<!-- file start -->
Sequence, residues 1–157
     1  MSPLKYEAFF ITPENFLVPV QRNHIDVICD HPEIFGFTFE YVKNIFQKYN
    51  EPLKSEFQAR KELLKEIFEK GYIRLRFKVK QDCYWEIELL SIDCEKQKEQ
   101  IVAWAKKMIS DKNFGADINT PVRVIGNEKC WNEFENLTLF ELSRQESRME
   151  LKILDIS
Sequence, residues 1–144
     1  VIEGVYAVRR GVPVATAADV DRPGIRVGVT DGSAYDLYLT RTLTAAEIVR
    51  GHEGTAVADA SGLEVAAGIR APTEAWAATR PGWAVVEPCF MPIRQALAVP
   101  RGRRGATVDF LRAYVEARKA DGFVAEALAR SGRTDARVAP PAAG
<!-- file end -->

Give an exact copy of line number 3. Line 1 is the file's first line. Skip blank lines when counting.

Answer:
    51  EPLKSEFQAR KELLKEIFEK GYIRLRFKVK QDCYWEIELL SIDCEKQKEQ